I’ve been using TurboTax since 2009 and have started using it for 2013 tax return but I haven’t finished filing my tax return. I didn’t want to log on to TurboTax web site again until you have a new SSL certificate.

    • Hi teera,

      We continuously monitor our systems and have no indication that TurboTax.com was ever vulnerable. Earlier this week, we did patch a couple of support services to protect against the Heartbleed security vulnerability. We’re confident that TurboTax is safe to use. The fact is, the vast majority of our servers do not use the version of SSL that was vulnerable to Heartbleed. TurboTax is safe to use and you can file today. There’s no reason to wait. Our engineers have verified TurboTax is not affected by “Heartbleed.” Password resets and re-issuing of SSL certificates are not required at this time.

      Thanks,
      Jen

  19. Heartbleed is not new–it has apparently existed since 2012. Your statement says that Intuit has secured TurboTax…great, but the clear implication is that it has potentially been unsecured for some period of time, perhaps even since 2012. So Intuit, how long have our passwords and logins (and thus Social Security Numbers) been vulnerable to this flaw? We need a frank statement now, no more vague marketing blather about how seriously you take security–that is all a given and we get it. What are the facts? How long did you use the vulnerable version of OpenSSL on the TurboTax site?

    • Hi Matt,

      We continuously monitor our systems and have no indication that TurboTax.com was ever vulnerable. Earlier this week, we did patch a couple of support services to protect against the Heartbleed security vulnerability. We’re confident that TurboTax is safe to use. The fact is, the vast majority of our servers do not use the version of SSL that was vulnerable to Heartbleed.

      Thanks,
      Jen

  20. The post does not say if you were affected by the heart bleed vulnerability or not?

    Do we need to change our Turbotax passwords?

    • Hi Tom,

      We continuously monitor our systems and have no indication that TurboTax.com was ever vulnerable. Earlier this week, we did patch a couple of support services to protect against the Heartbleed security vulnerability. We’re confident that TurboTax is safe to use. The fact is, the vast majority of our servers do not use the version of SSL that was vulnerable to Heartbleed. It is always good practice to regularly update your online passwords, however, we are not proactively recommending that customers do so now. If you would like to update your password, here are instructions to do so: https://ttlc.intuit.com/questions/2404942-how-can-i-change-my-password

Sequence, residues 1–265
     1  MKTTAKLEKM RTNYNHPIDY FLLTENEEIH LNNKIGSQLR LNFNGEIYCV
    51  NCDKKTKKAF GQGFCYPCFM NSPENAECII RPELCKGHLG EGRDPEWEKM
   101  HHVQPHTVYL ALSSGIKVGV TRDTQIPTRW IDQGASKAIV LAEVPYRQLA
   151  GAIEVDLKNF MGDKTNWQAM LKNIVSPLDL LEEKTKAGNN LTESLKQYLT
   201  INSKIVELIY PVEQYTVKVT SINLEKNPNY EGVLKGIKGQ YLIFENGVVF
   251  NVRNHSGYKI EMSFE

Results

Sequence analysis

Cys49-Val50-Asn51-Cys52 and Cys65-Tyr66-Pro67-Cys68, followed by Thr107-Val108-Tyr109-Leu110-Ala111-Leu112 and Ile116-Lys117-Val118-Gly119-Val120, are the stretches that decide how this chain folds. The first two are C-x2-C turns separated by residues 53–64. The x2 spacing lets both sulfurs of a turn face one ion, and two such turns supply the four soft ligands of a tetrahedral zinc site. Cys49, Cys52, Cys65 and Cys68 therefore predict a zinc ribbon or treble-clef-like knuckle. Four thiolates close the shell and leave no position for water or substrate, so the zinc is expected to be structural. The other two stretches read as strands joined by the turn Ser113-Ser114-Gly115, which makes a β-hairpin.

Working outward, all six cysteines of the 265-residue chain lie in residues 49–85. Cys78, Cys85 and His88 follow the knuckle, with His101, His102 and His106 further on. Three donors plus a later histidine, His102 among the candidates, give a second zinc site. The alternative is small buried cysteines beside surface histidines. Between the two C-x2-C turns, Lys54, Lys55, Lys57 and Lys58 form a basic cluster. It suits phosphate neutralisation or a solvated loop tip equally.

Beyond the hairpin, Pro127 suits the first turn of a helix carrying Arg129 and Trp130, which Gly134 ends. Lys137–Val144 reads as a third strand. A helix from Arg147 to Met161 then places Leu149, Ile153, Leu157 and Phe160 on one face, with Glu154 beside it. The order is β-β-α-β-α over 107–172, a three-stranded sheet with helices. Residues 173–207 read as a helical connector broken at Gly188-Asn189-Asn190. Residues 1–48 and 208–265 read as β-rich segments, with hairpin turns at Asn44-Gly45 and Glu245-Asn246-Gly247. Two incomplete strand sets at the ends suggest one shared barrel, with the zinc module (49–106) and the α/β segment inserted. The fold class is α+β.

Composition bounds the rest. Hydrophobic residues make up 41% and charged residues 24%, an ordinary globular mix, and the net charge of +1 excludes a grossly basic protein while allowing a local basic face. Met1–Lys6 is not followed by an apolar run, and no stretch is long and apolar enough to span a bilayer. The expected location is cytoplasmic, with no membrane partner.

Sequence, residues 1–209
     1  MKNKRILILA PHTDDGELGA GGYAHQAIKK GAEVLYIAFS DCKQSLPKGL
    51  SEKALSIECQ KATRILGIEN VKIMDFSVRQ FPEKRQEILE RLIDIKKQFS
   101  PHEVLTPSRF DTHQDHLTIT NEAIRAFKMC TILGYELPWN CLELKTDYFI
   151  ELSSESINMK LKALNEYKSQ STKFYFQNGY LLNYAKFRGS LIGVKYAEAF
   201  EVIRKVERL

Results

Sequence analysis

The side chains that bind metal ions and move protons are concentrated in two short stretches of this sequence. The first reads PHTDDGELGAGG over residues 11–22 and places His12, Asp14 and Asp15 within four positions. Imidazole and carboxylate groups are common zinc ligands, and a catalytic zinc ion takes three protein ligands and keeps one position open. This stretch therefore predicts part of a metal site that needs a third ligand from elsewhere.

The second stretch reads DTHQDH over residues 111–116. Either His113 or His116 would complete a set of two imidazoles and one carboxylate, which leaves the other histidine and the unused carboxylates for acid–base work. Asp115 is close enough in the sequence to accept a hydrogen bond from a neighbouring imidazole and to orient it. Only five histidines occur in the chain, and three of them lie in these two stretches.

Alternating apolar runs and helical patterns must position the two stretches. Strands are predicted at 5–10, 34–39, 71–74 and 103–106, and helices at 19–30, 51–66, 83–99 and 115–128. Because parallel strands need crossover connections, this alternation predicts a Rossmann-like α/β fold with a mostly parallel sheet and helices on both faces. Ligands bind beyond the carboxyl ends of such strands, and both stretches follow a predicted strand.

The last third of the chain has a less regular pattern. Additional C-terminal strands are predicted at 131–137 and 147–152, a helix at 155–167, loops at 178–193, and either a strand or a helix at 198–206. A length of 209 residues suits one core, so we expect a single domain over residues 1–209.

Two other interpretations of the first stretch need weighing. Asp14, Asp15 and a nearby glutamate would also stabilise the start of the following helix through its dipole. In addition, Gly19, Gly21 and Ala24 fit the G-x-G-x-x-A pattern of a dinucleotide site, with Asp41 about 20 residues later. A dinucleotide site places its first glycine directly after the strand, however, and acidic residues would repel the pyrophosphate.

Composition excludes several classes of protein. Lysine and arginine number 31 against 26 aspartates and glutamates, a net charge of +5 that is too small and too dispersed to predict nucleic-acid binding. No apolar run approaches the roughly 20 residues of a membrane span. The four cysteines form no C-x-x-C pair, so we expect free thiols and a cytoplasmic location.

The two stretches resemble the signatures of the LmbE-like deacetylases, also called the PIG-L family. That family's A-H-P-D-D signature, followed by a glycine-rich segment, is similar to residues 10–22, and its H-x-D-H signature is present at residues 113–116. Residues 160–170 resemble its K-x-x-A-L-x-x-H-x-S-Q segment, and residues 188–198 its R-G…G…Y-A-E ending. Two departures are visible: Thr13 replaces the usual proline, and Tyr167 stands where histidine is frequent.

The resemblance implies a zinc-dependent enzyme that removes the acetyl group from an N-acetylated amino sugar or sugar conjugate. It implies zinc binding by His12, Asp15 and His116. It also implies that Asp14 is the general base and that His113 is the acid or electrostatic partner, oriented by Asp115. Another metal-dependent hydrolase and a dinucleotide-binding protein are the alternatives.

Thanks,
      Jen

  21. You have secured your website, meaning you patched the vulnerability. Are you advising customers to change their passwords? Was Intuit exploited?

    • Hi Don,

      Our engineers have verified TurboTax is not affected by “Heartbleed.” It is always good practice to regularly update your online passwords, however, we are not proactively recommending that customers do so now.

      Thanks,
      Jen

    • Hi Don,
      Please see our updates to this blog post, which answer your questions.
      Thank you,
      Lisa Greene-Lewis

  22. When you say you secured the servers, does that mean you fixed the Heartbleed vulnerability? If so, why aren’t you advising customers to change their password?

    • Hi Kathryn,

      We continuously monitor our systems and have no indication that TurboTax.com was ever vulnerable. Earlier this week, we did patch a couple of support services to protect against the Heartbleed security vulnerability. We’re confident that TurboTax is safe to use. The fact is, the vast majority of our servers do not use the version of SSL that was vulnerable to Heartbleed. It is always good practice to regularly update your online passwords, however, we are not proactively recommending that customers do so now. If you would like to update your password, here are instructions to do so: https://ttlc.intuit.com/questions/2404942-how-can-i-change-my-password

      Thanks,
      jen

    • Hi Kathryn,
      Please see our updates to this blog post, which addresses your questions.
      Thank you,
      Lisa Greene-Lewis

  23. I would like more information, please? The TurboTax site appears to use some OpenSSL components; in what way was it remediated?

    I have used TurboTax for many, many years but am hesitant to use it until more visibility is given.